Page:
According to Oliver, this report refers to another identification subsequent to the photographic lineup. Oliver testified McDonald came to see him at his office on May 28. She saw the picture of Gist in the file on his desk and identified Gist as the robber. Oliver testified the report referencing the photographic lineup was missing from the file. The officer who testified at the preliminary hearing, however, stated nothing in the file mentioned a photo lineup having been used.
Viewing the evidence in the light most favorable to Gist, we find a genuine issue of material fact exists as to whether the magistrate was presented sworn, oral testimony concerning a photographic lineup when the probable cause determination was made. There is also an issue of material fact concerning whether McDonald's identification of Gist was based on a proper photographic lineup or on a presentation of Gist's driver's license. Accordingly, we find the trial court erred in finding, as a matter of law, probable cause existed for Gist's arrest. Because issues of material fact exist, we reverse the trial court's grant of summary judgment to the Sheriff's Department. In so doing, we express no opinion on the merit of Gist's claim.
The trial court also held the Sheriff's Department could not be held liable for damages for false arrest because a magistrate issued a warrant for Gist's arrest. This holding is erroneous. The Tort Claims Act states a governmental entity is not liable for a loss resulting from the "execution, enforcement, or implementation of the orders of any court or execution, enforcement or lawful implementation of any process. . . ." S.C. Code Ann. § 15-78-60(3) (Supp. 1998). In this case, however, the Sheriff's Department's liability does not arise from the "execution, enforcement, or implementation" of the magistrate's order. It arises from allegedly securing the warrant without probable cause. Therefore, the Sheriff's Department is not shielded from liability by the arrest warrant.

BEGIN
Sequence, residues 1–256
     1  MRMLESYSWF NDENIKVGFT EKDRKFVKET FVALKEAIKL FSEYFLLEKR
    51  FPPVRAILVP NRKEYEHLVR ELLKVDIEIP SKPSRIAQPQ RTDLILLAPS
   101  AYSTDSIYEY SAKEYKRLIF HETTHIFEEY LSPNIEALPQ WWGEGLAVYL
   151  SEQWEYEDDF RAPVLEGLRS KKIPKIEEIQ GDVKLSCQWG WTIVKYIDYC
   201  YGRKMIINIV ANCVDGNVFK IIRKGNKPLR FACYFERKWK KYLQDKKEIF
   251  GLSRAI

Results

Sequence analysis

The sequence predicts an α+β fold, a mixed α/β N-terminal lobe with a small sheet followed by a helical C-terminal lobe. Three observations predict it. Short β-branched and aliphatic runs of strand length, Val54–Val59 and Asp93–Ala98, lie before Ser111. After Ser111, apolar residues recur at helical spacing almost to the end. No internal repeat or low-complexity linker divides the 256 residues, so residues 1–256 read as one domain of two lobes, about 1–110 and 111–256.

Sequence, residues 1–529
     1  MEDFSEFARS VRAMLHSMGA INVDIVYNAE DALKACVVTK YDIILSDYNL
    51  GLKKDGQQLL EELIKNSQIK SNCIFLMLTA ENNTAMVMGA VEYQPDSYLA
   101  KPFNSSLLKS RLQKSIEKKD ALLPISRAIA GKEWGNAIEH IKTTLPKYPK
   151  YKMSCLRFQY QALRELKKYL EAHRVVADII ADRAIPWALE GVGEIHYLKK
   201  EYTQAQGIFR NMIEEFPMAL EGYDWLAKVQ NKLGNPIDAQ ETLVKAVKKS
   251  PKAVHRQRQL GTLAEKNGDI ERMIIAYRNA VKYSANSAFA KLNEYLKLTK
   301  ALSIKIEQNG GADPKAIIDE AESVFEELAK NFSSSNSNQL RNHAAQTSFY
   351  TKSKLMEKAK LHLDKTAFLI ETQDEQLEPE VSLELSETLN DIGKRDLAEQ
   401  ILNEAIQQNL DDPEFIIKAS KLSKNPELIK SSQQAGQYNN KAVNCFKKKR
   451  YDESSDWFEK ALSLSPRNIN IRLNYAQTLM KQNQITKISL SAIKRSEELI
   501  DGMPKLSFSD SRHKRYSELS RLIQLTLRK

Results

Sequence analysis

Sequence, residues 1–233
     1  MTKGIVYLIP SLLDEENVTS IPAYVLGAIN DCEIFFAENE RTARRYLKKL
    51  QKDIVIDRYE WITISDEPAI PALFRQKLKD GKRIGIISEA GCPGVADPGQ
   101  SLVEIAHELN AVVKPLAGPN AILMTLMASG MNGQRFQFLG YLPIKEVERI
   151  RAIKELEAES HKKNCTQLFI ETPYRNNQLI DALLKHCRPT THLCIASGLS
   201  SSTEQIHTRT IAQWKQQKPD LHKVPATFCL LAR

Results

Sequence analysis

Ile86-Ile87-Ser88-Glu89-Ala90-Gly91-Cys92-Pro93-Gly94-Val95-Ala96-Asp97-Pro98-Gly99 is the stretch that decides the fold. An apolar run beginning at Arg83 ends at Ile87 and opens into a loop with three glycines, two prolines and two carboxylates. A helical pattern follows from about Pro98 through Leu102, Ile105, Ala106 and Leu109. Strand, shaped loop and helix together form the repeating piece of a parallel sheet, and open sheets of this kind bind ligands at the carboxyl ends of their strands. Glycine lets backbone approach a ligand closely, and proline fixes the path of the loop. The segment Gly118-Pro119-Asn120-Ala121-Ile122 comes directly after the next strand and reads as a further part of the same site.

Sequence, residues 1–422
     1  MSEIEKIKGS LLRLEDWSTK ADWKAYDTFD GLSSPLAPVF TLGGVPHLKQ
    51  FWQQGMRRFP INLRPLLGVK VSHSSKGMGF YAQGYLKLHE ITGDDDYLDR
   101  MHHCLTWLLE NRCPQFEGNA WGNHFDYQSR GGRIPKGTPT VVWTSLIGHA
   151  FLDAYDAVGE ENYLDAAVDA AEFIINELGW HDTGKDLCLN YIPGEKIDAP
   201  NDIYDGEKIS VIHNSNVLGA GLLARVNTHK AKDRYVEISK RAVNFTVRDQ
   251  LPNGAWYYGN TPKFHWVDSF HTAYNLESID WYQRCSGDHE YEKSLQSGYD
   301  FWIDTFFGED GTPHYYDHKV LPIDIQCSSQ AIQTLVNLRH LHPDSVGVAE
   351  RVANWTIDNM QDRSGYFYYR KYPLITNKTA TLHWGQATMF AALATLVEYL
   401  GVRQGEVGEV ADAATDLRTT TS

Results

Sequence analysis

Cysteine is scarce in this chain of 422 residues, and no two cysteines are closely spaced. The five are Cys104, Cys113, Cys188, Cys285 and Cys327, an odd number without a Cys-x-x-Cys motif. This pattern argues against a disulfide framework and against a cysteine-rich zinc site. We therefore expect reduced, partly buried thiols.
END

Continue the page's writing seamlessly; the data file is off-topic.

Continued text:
Gist argues the trial court erred in finding the Sheriff's Department was disadvantaged in defending its case because Gist had obtained an expungement order. We agree.
Oliver testified the file was missing several reports. The officer who testified at the preliminary hearing stated he had the entire file with him, which contained an incident report, supplemental reports, and the victim's statement. He did not have any record of a photo lineup being presented to McDonald. In addition, Gist's criminal defense attorney stated he obtained copies of the incident report and supplemental reports prior to the order for destruction of the arrest records. The attorney asserted there was no mention in the records he received of a photographic lineup.